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Originally published February 11, 2014 at 7:12 AM | Page modified February 11, 2014 at 12:59 PM

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LA newscaster apologizes for black actor mix-up

A Los Angeles newscaster apologized to Samuel L. Jackson for confusing him with fellow actor Laurence Fishburne during a live TV interview.




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LOS ANGELES —

A Los Angeles newscaster apologized to Samuel L. Jackson for confusing him with fellow actor Laurence Fishburne during a live TV interview.

KTLA entertainment reporter Sam Rubin was interviewing Jackson on Monday about the film "RoboCop" when he asked the actor if he'd gotten a lot of reaction to his recent Super Bowl commercial.

When Jackson asked, "What Super Bowl commercial?" Rubin realized his mistake and began to apologize. But it was too late.

"You're as crazy as the people on Twitter," an animated Jackson, who was doing the interview by satellite from Atlanta, told Rubin. "I'm not Laurence Fishburne. We don't all look alike. We may be all black and famous but we don't all look alike."

As Rubin, who is white, tried to apologize, a smiling Jackson went on at length, listing various black actors and their commercials. Video of the exchange quickly went viral.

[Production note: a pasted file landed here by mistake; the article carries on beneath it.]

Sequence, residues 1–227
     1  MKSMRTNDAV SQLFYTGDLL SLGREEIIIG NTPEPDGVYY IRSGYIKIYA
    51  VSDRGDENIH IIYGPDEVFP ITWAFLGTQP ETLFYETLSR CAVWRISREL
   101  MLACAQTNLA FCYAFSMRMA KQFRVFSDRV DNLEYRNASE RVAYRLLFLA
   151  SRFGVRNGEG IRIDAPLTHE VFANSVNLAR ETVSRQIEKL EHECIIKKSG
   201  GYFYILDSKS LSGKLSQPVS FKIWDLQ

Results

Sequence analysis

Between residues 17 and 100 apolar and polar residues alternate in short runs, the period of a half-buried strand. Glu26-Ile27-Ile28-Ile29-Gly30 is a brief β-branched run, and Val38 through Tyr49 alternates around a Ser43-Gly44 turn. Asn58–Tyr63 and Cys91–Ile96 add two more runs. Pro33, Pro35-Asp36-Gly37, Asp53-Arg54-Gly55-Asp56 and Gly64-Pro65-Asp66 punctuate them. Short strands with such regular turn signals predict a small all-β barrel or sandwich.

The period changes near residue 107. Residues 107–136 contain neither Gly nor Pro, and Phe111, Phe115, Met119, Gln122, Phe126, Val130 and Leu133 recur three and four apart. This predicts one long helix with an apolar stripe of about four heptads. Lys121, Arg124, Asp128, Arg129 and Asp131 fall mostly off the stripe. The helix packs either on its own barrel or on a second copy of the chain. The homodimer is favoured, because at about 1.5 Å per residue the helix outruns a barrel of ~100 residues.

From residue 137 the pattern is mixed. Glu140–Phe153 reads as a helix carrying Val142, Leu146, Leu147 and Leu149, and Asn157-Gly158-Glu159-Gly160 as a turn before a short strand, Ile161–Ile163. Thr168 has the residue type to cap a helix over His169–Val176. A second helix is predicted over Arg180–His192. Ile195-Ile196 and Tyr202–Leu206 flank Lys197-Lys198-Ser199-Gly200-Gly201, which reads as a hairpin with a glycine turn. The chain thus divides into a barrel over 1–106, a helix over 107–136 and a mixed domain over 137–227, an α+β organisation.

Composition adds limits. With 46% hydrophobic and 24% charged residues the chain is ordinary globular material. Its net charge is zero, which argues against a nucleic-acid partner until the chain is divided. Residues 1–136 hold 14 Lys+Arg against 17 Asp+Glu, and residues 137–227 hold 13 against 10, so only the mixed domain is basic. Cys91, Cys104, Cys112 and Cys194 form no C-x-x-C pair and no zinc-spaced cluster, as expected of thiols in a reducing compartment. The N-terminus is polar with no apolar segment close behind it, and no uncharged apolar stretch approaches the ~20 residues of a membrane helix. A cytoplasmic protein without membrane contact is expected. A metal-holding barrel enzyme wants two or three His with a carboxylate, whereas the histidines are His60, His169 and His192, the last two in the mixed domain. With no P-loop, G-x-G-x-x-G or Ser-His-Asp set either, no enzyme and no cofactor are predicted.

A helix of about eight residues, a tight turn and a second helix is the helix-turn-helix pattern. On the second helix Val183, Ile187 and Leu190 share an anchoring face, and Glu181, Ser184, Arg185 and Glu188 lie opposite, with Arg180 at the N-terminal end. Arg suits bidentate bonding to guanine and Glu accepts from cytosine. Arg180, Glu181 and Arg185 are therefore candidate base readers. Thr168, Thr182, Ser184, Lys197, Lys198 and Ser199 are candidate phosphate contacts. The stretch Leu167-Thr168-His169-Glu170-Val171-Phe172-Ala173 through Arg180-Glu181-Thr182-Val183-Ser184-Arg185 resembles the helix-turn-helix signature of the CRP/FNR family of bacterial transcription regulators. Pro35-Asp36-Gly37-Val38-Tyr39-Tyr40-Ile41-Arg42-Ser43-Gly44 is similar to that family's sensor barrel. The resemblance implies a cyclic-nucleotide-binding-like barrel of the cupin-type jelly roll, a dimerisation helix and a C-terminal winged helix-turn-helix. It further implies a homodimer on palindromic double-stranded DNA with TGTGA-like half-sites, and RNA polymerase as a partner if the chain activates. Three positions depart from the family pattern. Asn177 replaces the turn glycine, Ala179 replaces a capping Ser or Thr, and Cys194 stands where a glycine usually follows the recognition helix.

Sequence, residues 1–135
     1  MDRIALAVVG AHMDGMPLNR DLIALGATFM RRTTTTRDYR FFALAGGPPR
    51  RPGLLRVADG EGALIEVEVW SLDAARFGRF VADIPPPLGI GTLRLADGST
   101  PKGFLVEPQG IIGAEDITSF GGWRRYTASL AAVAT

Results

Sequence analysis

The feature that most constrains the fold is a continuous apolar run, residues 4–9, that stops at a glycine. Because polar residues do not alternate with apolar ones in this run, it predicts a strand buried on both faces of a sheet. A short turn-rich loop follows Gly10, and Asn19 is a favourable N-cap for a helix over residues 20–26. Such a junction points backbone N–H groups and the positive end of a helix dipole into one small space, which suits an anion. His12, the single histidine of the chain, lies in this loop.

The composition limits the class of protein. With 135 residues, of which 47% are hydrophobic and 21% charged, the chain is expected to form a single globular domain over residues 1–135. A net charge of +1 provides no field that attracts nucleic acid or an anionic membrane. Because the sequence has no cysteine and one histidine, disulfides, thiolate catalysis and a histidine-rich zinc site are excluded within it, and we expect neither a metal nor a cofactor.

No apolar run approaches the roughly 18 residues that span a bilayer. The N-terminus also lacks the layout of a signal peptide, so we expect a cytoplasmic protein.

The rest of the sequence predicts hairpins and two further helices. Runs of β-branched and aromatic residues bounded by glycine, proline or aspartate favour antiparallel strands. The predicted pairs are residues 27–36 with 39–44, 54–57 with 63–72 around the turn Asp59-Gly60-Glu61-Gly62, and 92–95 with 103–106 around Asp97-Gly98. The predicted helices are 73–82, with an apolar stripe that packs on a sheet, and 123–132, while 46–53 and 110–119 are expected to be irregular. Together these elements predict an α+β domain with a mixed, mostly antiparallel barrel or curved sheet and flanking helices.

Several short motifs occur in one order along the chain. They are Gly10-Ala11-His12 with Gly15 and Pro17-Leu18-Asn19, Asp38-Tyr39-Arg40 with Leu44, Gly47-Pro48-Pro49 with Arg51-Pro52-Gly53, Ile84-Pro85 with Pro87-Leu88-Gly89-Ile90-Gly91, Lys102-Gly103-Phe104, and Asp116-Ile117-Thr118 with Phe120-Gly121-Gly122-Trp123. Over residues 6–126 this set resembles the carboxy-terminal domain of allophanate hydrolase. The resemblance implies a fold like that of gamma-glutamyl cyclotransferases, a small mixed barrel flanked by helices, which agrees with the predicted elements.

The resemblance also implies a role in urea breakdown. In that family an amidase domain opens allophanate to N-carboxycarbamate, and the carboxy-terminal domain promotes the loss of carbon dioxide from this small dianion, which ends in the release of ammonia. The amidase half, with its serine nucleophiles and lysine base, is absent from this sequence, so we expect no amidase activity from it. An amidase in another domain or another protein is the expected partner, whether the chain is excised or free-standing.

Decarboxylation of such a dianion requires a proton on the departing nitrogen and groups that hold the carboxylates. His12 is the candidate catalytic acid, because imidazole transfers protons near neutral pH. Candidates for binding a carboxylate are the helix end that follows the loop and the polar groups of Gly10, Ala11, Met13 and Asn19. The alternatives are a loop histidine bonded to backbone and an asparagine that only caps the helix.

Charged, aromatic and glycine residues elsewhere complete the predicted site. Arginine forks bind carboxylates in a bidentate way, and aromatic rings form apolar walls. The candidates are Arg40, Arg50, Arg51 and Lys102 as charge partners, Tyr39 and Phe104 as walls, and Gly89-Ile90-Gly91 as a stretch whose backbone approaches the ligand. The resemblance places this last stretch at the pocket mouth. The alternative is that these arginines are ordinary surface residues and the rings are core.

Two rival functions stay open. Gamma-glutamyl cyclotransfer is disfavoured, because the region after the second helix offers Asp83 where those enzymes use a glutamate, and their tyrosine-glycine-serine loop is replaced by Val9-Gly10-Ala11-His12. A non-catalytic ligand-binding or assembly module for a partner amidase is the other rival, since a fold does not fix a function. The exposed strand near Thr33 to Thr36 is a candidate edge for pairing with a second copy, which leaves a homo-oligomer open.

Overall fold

"I'm the 'What's in Your Wallet,' black guy," he said of his own commercial for a credit-card company. "He's the car black guy. "Morgan Freeman is the other credit-card black guy. You only hear his voice, though, so you probably won't confuse him with Laurence Fishburne."

Fishburne, as the character Morpheus from the "Matrix" movies, appeared in the Super Bowl commercial for Kia automobiles.

The pair eventually got back to talking about "RoboCop," with Jackson telling Rubin how highly he regards Michael Keaton and Gary Oldman, who appear in the film with him.

"You do know who they all are though, right?" he teased. "Just in case they have some of them on the show. Do some work. Do some research. Make sure you don't confuse them with those other white actors."

When he returned to the air 30 minutes later, Rubin apologized profusely, saying he has interviewed Jackson several times and does indeed know who he is.

"I really pride myself on the fact that unlike a lot of people who do this kind of work, more often than not I really do know what I'm talking about," he said. "But I didn't 30 minutes ago and I'm really embarrassed about it, and I very much apologize to Samuel L. Jackson and anyone else who was offended for what was a very amateur mistake."



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